5.3 Collaboration: Check Your Ego at the Door

Collaboration-300x200 by Janet Grace Riehl

  with Stephanie Farrow

Our second heart skill focuses on the emotional and
relational part of collaboration. The important question here is, once trust is
built and sustained, what does it look like in action?

Trust infuses work with support, ease, and humanity. With
trust you can resolve conflict by telling the truth. With trust you can check
your ego at the door.

When looking good gives way to a desire to support your
partner and your jointly held work, then a new dimension emerges.

 Humility: It no
longer matters who gets credit for an idea. In fact, Stephanie and I often
laugh at our tendency to ascribe the origin of a good idea to the other. We can
tell when a collaboration has been truly successful because the end product
seems to be a seamless whole. The warp and weft of our individual ideas are
woven together smoothly.

 Spaciousness and Generosity.
We give each other room to create. And, we give each other room to mess up
without making a big deal of it. It’s safe to make a mistake. No blame, just
joint acknowledgement and resolution. Cutting each other slack over mistakes
(or temporary “stupidity”) keeps our work flowing and fun. Rather than chipping
away at each other’s confidence, we bolster it.

Kindness is such a simple courtesy, but often not used enough. In good
collaboration we honor each other’s needs. We stay sensitive to nuances. We
nurture each other with our good will.

 Gratitude: When
our working relationships include these qualities, we build a virtuous cycle
rather than a vicious one.  When we are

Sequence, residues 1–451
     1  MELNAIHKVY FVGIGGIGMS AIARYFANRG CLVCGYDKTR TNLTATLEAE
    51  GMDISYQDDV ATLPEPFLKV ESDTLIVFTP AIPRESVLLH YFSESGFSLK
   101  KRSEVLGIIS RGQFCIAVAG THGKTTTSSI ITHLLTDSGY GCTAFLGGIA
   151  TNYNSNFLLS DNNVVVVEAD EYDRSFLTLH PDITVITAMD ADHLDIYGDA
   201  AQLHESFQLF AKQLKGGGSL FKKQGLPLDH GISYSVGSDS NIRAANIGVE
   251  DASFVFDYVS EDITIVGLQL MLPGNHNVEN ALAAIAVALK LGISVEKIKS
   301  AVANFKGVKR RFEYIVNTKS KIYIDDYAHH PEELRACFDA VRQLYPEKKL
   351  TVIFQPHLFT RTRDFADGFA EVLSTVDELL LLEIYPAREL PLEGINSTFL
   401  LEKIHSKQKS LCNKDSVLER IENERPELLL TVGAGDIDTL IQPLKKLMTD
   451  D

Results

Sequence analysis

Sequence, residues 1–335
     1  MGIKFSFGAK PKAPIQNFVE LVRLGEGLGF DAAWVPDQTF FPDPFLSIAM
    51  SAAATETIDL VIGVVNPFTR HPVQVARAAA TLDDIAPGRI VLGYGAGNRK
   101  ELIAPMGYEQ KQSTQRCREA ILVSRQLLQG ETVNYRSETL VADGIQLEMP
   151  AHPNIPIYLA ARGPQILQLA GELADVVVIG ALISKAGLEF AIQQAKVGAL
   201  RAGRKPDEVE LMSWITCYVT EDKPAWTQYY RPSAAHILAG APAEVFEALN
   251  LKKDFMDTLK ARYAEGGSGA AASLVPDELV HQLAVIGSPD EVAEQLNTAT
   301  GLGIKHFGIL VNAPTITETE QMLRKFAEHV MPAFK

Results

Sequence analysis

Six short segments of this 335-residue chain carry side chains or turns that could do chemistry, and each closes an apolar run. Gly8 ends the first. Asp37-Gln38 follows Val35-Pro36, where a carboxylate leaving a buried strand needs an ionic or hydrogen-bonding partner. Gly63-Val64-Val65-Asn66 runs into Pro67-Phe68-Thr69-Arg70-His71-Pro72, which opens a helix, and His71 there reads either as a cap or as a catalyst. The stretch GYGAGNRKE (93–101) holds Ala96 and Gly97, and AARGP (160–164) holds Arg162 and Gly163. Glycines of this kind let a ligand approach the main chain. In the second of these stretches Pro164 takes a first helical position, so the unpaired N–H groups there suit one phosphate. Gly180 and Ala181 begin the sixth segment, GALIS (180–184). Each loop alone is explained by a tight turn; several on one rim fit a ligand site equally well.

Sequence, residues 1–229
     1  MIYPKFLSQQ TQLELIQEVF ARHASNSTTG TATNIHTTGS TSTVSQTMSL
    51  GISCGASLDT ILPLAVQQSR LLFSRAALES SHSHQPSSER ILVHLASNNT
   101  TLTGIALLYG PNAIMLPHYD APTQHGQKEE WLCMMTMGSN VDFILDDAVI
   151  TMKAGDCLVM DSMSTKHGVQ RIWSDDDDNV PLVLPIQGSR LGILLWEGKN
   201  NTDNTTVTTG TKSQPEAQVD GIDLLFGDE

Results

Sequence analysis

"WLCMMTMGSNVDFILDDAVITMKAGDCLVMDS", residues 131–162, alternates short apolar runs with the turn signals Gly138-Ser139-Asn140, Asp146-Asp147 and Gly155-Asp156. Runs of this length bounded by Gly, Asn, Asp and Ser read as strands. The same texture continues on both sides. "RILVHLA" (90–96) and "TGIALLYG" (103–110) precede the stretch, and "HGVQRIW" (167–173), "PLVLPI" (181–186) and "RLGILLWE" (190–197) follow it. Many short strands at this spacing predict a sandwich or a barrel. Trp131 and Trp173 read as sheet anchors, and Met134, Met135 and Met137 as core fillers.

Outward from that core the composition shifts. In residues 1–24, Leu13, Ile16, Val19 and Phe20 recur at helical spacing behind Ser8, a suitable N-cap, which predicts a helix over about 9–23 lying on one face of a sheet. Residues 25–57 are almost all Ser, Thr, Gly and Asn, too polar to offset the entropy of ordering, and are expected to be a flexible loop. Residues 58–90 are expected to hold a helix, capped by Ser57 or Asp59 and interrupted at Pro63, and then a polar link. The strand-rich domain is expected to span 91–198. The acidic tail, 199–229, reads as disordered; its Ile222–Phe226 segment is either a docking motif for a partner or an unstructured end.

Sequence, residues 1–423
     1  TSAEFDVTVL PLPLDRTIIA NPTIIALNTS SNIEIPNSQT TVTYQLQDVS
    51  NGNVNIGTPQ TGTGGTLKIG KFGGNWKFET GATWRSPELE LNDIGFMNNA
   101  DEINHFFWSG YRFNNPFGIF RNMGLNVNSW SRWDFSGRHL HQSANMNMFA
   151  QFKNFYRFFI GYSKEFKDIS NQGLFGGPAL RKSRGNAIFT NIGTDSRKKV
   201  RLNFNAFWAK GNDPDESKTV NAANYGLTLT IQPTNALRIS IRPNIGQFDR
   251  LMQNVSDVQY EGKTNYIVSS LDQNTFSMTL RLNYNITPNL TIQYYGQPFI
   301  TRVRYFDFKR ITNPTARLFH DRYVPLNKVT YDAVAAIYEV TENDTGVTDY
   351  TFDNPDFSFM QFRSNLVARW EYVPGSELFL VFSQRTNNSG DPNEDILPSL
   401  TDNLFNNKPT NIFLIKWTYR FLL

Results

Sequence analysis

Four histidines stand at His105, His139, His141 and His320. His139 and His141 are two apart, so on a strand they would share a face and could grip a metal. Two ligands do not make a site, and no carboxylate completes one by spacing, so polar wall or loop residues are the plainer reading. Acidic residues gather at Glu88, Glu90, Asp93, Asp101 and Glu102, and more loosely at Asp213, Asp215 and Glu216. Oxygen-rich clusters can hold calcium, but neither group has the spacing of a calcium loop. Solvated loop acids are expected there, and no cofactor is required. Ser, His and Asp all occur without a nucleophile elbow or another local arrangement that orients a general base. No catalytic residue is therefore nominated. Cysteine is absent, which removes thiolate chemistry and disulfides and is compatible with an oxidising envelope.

treated with care and respect, we feel grateful and even more generous. Of a
mentor and colleague I once said, “Hal gave me the world, and in a tick I would
give the world back to him.”

 For myself, work is more than product. How I’m
allowed to create is as important as the end result. A collaboration that
allows me to check my ego at the door fosters the trust I need to do my best.
And for that, yes, I’m more than willing to check my ego at the door. I might
not even ask for the ticket to have it returned to me when it’s over.

 Is collaboration all soft-focus and watercolors in a gentle
spring rain? Not in this lifetime! It’s like a marriage. You make a commitment,
then keep plugging away, using your best heart skills to make it work.


Pose questions about practical
creativity. Give ideas for future cycle themes. Join in the dialog in the
comment section below. Peruse the Creative Catalyst archive at:
http://is.gd/9xolA.  Create
connections through the arts and across cultures at



2 responses to “5.3 Collaboration: Check Your Ego at the Door

  1. Janet and Stephanie,
    I let out a sigh reading each quality necessary for a true creative collaboration. This is the true essence of creation, the path that leads all of us onward by joining together.
    Wonderful post, thanks.

  2. Susan,
    Good to hear your voice here. Coming from an artist and writer who works both on her own and collaboratively, I especially appreciate your affirmation of the truth we’ve felt and presented.
    Keep on sculpting a life, Susan…and making your marvelous masks.
    Janet Riehl

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